In late 2020, the Robert-Bosch-Krankenhaus in Stuttgart, the Universitätsklinikum Heidelberg and the Pharma Division of the Schwaebisch Hall-based special machine manufacturer Optima launched an innovative project called "ProCell for Patient". The strategic partnership aims to develop a production system for CAR-T cell therapies. This should deliver benefits in terms of quality, cost and time. The project is funded by the Ministry of Economic Affairs, Labour and Housing Baden-Württemberg as part of the "Forum Health Region Baden-Württemberg" initiative.
Every year, over 430,000 people worldwide are diagnosed with leukemia. A further 500,000 patients suffer from non-Hodgkin's lymphoma worldwide. These include forms of the disease where chemotherapy and donated stem cells are unsuccessful. "Around a quarter of those patients who have already undergone treatment can benefit from treatment with CAR-T cells," says Prof. Dr. med. Michael Schmitt, who is regarded as a luminary in cellular immunotherapy. He heads up the GMP Core Facility at the Universitätsklinikum Heidelberg (UKHD). T-cells are genetically modified there. "We modify the cells so that they can subsequently attack cancer cells in the form of what are called killer cells," explains Prof. Schmitt.Possibility of decentralized production in hospitals and industry
Since 2017, five CAR-T cell products have been approved worldwide: Kymriah (Novartis), Yescarta and Tecartus (both from Kite/Gilead) and most recently Breyanzi (BMS) and Abecma (bluebird bio & BMS). There are around 1,200 further cell and gene therapies in the clinical pipeline. Several thousand patients could benefit from this treatment every year. Meanwhile, there are many university hospitals that already have the expertise to manufacture CAR-T cell therapies, but their manufacturing processes originate in research, and they are therefore very manual and individualized. The logistics involved and production in class A/B clean rooms generate high costs and take time. Standardized and automated manufacturing at these clinics would lead to significant improvements in patient care.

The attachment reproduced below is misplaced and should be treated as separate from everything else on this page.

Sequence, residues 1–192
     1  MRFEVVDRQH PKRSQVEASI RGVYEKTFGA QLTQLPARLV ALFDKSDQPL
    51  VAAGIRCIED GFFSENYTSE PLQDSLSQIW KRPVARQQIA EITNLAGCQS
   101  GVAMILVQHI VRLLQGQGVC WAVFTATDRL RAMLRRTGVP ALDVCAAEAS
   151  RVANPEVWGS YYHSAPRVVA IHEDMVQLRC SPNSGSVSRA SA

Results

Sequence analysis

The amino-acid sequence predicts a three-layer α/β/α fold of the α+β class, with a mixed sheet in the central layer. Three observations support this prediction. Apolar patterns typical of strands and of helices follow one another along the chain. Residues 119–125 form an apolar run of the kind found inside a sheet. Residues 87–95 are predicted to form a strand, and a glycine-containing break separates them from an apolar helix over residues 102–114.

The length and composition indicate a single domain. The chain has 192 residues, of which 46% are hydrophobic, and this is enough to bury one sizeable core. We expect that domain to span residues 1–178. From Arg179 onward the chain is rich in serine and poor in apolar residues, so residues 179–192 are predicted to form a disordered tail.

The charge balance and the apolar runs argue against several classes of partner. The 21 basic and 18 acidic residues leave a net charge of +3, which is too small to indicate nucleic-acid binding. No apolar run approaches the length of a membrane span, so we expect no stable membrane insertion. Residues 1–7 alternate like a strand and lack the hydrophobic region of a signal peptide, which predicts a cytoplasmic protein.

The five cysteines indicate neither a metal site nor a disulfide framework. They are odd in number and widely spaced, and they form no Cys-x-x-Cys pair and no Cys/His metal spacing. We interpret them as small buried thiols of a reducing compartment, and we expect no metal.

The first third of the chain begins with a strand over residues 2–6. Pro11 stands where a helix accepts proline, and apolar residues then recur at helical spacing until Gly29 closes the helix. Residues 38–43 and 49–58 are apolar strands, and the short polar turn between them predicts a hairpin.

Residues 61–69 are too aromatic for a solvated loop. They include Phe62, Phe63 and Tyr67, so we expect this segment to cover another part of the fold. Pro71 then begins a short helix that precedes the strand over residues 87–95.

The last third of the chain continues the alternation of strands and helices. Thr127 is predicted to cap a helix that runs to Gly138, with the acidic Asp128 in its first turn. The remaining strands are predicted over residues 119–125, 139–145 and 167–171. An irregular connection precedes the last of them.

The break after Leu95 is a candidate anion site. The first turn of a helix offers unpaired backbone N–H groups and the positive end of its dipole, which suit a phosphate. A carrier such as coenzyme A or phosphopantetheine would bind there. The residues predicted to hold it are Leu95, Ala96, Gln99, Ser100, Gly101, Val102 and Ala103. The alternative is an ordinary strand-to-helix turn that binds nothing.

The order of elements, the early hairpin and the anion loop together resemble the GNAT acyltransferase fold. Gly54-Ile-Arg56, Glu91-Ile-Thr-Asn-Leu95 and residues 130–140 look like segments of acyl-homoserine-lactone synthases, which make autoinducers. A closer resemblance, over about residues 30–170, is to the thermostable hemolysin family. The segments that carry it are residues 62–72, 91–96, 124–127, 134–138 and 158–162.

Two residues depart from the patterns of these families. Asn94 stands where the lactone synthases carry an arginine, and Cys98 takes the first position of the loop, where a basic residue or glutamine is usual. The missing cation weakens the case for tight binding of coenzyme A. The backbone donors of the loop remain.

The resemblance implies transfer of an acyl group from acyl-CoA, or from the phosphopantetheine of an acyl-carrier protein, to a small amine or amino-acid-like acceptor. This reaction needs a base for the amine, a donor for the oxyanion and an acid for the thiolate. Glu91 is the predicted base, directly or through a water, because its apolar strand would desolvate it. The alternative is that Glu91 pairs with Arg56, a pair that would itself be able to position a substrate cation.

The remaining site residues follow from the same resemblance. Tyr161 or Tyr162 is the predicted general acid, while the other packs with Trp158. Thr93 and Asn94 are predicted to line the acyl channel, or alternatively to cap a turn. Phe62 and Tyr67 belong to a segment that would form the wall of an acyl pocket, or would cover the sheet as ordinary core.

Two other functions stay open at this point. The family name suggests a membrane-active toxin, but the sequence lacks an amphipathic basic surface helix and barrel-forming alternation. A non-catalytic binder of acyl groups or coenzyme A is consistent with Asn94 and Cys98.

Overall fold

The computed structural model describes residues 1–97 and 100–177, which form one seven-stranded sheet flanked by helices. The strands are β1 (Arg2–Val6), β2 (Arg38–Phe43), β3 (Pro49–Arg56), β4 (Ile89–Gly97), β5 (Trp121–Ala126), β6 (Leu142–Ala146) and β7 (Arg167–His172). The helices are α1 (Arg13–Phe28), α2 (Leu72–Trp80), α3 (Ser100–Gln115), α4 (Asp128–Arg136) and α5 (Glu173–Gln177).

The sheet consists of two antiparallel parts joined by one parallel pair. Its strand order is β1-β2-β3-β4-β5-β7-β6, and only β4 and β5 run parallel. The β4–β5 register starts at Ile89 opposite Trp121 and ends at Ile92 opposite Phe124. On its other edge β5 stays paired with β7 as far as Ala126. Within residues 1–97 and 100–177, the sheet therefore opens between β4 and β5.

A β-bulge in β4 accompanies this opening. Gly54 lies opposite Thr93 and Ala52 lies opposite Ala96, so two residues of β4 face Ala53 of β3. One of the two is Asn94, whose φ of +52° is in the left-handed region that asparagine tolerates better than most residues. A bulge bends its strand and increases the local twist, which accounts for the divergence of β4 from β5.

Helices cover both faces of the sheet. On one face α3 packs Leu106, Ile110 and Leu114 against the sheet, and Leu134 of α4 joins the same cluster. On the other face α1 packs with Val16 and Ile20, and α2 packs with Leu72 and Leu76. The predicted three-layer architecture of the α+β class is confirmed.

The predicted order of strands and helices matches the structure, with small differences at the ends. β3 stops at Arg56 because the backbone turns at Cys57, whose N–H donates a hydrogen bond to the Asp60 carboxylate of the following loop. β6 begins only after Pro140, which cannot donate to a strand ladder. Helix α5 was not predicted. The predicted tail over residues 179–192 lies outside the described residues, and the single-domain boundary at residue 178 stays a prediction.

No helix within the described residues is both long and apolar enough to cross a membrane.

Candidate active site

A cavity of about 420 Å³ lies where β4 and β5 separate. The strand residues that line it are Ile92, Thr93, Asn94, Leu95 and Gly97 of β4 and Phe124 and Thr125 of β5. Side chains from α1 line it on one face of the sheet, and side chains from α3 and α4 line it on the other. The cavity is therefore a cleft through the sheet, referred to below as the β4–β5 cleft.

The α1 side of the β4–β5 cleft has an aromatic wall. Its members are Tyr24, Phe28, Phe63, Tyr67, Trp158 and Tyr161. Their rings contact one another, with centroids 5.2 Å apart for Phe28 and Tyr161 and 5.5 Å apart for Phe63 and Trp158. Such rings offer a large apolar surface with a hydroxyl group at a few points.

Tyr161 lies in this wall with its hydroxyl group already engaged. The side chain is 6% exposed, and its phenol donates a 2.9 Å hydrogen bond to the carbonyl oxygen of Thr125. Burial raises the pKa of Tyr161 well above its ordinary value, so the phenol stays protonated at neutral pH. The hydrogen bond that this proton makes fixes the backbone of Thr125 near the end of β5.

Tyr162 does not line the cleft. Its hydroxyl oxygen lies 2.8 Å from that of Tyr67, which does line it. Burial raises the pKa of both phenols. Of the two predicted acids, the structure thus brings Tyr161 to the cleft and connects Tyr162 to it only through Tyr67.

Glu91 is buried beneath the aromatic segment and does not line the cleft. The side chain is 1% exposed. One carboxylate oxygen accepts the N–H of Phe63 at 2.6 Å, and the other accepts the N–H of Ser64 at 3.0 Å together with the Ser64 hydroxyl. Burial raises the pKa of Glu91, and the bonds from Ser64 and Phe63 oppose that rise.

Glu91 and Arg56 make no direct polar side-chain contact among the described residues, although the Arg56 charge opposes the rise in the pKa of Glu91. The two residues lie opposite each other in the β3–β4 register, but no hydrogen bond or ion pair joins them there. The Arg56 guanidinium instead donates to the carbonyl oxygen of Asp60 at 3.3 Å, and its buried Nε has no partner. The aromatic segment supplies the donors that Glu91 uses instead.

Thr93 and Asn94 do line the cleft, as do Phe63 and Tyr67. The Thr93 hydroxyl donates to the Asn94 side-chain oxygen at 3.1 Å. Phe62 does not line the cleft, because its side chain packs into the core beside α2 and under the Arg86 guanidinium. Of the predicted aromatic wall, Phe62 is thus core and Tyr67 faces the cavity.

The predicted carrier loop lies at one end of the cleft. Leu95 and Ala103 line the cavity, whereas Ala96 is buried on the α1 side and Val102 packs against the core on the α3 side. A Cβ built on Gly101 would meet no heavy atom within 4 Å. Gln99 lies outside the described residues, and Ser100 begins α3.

The production unit will be based on isolator technology and will significantly increase process reliability and consequently the therapies' quality. (Source: Optima)
In the Stuttgart/Heidelberg ProCell for Patient model, essential steps in the production of cell therapies are carried out in an isolator in a fully automated process. The prototype will be installed at the Robert-Bosch-Krankenhaus in Stuttgart. (Source: Optima)
Therefore, under the "ProCell for Patient" project, the UKHD and the Robert-Bosch-Krankenhaus in Stuttgart (RBK) are collaborating with Optima Pharma to develop a unit for decentralized, automated production in treatment centers, which will be used at the RBK. "The automation of CAR-T cell therapy production is long overdue. Not just for reasons of cost and quality. In the future, it will facilitate the innovation process", says Prof. Dr. Walter E. Aulitzky, Chief Physician of the Department of Oncology, Hematology and Palliative Medicine at the RBK.The amount of work is cut in half
"With the help of the ProCell for Patient system, it will probably be possible to reduce the amount of work, i.e. the number of hours that qualified staff today are spending on producing CAR-T cells by at least 50 percent," summarizes Dr. Andrea Traube, who heads the project at Optima Pharma. She is responsible for the Market Development area, focusing on system solutions for cell and gene therapy. The ProCell for Patient system prototype is scheduled to be installed at the RBK in the summer of 2022. As part of a forerunner project with Charité Hospital in Berlin, Optima Pharma had already taken the first steps towards developing a suitable production unit. Roll-out to additional treatment centers and pharmaceutical contract developers and manufacturers (CDMOs/CMOs) is planned once testing and clinical trials have been completed. Clinics that are involved in decentralized manufacturing can also contribute in the future to optimizing and developing new cell therapies.